Rhode Island College has seen a nearly 60 percent increase in the number of veterans on campus since 2009.
RIC has taken steps to better serve veterans, including opening a Veterans’ Resource Center, which helps connect veterans to a wide variety of services, including federal and state tuition assistance.
The center also employs student veterans in work study positions and makes regular phone calls to veterans to see how they are doing. RIC says the calls are a way of checking in on student veterans, who may not visit the resource center but may still have questions.
A new report finds Rhode Island’s aging homeless population is growing rapidly. According to Crossroads Rhode Island, the number of aging homeless adults increased 34 percent between 2010 and 2012, whereas total homelessness increased only ten percent.
Terry Jones has been off the streets for six years but he still pinches himself over his good fortune. Jones, who’s 71-years-old, is a resident of the Harold Lewis House in West Warwick, a home providing single or twin occupancy rooms for disabled, aging homeless adults.
Rhode Island has unveiled a new, one-stop-shopping web site for veterans.
The new site brings together links and information about the range of services Rhode Island and the federal government offer veterans. From the home page, veterans can find links to Rhode Island college tuition programs, sign up for state and federal benefits, and even locate a service member’s grave.
Since World War II, thousands of dogs have served the USA, though their contributions often go unnoticed. Yesterday, the Rhode Island House Veterans’ Affairs Committee considered a bill to set March 13th as a state-wide holiday, “K-9 Veterans’ Day.”
Ron Aiello, President of the United States War Dogs Association, says in the past 10 years, there have been approximately 600 to 700 dog teams in the Middle East at any one time.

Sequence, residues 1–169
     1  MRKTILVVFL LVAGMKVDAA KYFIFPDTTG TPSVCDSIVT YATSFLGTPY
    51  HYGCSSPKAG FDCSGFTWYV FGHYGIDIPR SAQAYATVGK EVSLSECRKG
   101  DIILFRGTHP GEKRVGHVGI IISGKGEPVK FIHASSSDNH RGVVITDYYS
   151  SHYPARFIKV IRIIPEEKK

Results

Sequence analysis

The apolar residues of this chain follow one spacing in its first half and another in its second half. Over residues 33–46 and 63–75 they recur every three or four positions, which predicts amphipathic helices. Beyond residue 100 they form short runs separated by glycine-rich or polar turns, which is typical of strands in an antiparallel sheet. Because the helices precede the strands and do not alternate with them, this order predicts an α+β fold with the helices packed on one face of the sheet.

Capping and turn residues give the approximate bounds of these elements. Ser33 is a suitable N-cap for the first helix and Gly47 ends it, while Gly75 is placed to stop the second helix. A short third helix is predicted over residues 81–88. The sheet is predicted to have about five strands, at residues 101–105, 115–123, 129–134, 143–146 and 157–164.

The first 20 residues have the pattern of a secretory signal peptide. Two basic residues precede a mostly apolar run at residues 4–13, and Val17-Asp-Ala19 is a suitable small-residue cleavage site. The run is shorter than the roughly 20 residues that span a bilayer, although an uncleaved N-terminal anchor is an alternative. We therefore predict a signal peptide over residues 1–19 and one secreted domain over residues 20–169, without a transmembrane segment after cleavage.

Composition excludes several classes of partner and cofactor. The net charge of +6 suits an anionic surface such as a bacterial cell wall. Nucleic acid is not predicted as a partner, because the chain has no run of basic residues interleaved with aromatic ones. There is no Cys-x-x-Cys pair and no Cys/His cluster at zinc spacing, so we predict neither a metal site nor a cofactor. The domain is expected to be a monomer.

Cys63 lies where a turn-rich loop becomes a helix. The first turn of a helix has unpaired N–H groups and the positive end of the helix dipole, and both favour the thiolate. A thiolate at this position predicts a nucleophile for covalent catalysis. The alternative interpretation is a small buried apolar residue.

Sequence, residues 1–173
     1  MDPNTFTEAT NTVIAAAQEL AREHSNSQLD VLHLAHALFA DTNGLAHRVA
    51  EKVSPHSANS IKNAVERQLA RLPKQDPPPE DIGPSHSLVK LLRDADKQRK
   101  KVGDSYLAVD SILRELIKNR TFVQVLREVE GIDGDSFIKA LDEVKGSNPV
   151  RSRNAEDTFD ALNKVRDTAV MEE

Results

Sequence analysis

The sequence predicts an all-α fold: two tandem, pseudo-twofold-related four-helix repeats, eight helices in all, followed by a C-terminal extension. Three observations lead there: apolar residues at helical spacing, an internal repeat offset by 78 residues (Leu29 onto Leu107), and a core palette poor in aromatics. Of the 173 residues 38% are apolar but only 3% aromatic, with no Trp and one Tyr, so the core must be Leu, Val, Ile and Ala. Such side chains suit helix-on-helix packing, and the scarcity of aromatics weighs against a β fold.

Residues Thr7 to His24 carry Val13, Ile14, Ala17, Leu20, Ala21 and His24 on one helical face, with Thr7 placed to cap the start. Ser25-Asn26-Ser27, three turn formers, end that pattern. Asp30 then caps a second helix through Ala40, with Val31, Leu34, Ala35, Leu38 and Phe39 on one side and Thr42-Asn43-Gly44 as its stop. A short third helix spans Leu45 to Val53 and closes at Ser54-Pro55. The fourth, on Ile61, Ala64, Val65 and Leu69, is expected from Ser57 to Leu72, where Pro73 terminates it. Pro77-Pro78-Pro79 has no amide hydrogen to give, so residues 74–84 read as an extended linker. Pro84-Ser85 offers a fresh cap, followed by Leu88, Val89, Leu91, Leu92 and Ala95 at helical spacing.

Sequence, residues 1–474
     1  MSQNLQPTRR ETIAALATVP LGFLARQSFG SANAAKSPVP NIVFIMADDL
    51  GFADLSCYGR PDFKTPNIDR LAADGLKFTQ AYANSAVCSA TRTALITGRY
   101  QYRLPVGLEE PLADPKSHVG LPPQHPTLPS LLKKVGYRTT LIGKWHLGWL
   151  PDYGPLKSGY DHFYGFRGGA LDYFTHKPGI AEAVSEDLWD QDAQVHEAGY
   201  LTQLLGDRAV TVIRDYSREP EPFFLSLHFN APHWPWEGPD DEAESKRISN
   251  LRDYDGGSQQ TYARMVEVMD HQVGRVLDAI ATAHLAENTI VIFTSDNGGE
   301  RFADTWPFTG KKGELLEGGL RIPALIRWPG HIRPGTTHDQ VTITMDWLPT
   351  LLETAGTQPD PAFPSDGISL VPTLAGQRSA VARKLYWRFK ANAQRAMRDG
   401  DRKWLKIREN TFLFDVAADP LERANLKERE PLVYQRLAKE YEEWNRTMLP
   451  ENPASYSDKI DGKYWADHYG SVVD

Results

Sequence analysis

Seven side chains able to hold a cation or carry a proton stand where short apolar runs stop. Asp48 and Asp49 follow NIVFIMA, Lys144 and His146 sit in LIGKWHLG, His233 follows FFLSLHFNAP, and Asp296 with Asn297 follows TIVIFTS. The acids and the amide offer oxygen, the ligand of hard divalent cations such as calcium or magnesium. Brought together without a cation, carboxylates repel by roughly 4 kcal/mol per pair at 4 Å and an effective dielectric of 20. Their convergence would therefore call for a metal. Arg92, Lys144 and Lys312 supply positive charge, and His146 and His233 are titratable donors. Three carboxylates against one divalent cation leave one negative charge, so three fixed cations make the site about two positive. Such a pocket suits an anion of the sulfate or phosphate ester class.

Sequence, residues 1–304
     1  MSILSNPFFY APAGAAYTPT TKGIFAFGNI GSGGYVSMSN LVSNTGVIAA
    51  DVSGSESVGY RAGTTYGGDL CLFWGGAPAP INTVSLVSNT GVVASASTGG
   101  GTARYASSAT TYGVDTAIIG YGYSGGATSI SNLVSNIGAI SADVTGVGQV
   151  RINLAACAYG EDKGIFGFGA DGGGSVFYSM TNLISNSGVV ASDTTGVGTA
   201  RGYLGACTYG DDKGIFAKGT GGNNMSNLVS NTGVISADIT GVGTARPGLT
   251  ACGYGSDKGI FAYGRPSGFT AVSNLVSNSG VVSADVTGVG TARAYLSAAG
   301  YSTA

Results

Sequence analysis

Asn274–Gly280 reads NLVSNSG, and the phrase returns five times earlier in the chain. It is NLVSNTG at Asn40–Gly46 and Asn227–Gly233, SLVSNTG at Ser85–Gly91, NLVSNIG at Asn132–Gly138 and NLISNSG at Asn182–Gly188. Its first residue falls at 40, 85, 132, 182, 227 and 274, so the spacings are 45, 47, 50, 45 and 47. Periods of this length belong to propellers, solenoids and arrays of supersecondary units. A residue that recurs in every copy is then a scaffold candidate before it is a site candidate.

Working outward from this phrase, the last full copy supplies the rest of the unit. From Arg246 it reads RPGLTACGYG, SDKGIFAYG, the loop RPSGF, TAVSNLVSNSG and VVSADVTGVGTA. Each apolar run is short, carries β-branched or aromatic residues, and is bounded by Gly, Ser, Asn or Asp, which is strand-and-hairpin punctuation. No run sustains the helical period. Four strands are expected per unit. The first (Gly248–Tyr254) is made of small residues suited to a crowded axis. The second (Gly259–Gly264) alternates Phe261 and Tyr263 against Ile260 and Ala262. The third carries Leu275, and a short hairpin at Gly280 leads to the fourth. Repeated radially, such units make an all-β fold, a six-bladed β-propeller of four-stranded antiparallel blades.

As Rhode Island servicemen and women return from the front lines, state officials are searching for better ways to make sure they have the jobs, education and the health services they need to integrate back into civilian life. A new report out of the state senate urges the state to do a better job connecting veterans with jobs and services.
The state counts more than 70,000 veterans living in Rhode Island, and unemployment numbers show they have a higher rate of joblessness than their civilian counterparts.
On this solemn anniversary, an update on the terrible costs of war, including the toll on veterans’ and their families’ lives, from the Brown University-based “Costs of War” project. The ongoing project taps academics of all stripes to tally up the myriad costs of post-9/11 wars in Iraq, Afghanistan, and other locations, from the invisible and previously unaccounted for costs to taxpayers to the vastly under-reported costs in civilian lives, economies, and environments.